Sorry – there still isn’t a magic pill that will cure your cold, sore throat, runny nose, or cough. There are, however, some delicious foods that have been known to promote healing and boost immunity. Even better, almost all of them can be grown and made at home from scratch! Here’s what I reach for when cold and flu season arrives:
Sage Anise Hyssop Tea: We dry tea herbs and flowers from our garden so our pantry is stocked with quarts of home-grown flavors. Any herbal tea will do when you have a sore throat or the chills. Sometimes, though, I like to feel like I’m doing something specific about the cold symptom that is really bothering me. Whenever I have a sore throat or cough, I turn to sage and anise hyssop with a teaspoon each of lemon juice and honey. Try googleing other common household herbs – oregano, mint, ginger, and cinnamon all have remarkable health-boosting qualities and make delicious teas!
Elderberry Ginger Syrup: When the Elderberries are ripe in August, we pick, de-stem, and freeze them in gallon bags. That way we have plenty on hand throughout the winter for fresh batches of Elderberry Syrup. I love mixing a splash of elderberry syrup and a splash of kombucha or raw apple cider vinegar into a cup of plain seltzer for a delicious and immune-boosting drink.
Bring all ingredients but honey to a boil. Reduce heat and simmer covered for about ½ hour. Cool slightly, smash, and strain. Add honey while warm but not hot. Refrigerate to store.
Toasted Pumpkin and Squash Seeds: These delicious snacks are high in zinc, an important mineral for immune system strength. Gather the seeds removed from your pumpkin or squash into a bowl (the photo shows butternut squash seeds). Pick out large pieces of guts (stringy slimy orange stuff). There is no need to rinse – any orange stuff is just giving you more vitamins and will dry out in the oven. Spread the seeds on a cookie tray, and sprinkle with salt (garlic powder or other spices can be good too). Bake at 400 degrees, stirring every 5 minutes with a metal spatula. Listen for popping and/or look for your seeds to turn golden brown – they’re done! This shouldn’t take more than 20 minutes. Don’t have an oven, cooking in a classroom with kids, or in a rush? Use a frying pan or electric skillet with 1 tablespoon of olive oil, coconut oil, or ghee and fry the seeds until golden brown.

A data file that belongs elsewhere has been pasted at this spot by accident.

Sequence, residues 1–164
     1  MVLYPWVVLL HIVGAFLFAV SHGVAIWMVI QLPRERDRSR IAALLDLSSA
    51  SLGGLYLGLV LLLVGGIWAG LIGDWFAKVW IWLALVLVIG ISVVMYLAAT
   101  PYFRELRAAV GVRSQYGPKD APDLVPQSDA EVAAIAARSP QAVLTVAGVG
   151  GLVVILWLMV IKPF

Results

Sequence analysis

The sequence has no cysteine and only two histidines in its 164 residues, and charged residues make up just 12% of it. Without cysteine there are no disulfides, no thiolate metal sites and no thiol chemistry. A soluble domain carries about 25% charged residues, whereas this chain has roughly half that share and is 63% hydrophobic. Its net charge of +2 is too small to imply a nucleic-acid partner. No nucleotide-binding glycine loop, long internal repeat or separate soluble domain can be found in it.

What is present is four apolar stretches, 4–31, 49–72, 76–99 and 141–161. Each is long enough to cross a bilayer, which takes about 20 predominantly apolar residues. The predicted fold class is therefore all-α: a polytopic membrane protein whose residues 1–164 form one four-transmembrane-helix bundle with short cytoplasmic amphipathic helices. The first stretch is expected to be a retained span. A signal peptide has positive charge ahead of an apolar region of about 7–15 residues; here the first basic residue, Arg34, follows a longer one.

Chicken Broth: Bone broths are healing and nutritious, and they’re very simple to make. Making broth does take a while – it’s the perfect activity for a cozy day at home. The warm steam will make your whole house smell delicious. Use a chicken carcass or parts of the chicken that your local butcher would otherwise throw away. Feet are especially great for making sure your broth has plenty of healing gelatin. The pictures below show a broth I made with chicken necks and feet.
-Chicken bones with some meat and skin
-Onion, garlic, carrots and/or celery
-Sage, rosemary, thyme, parsley and any other favorite green herbs
-4 quarts of water
-Sea salt and pepper to taste
-Optional: 2 T. vinegar
This works great in a crock pot or on the stove. If you want to get even more minerals out of the bones, soak chicken parts, water, and vinegar for 30 minutes before cooking. Next, bring all ingredients – excluding the green herbs (like parsley) and seasoning – to a boil. I use any old limp veggies from the back of my refrigerator to flavor the broth, so the exact amounts and ingredients change every time. Reduce heat, cover, and simmer for 3 to 24 hours. Strain to remove solids. I compost the veggies because they loose most their flavor. Pick the meat off the bones. Put the broth back into your pot and add picked meat, green herbs, and any additional vegetables you want. Bring back to a boil and season to taste.
Wishing you a healthy fall and winter!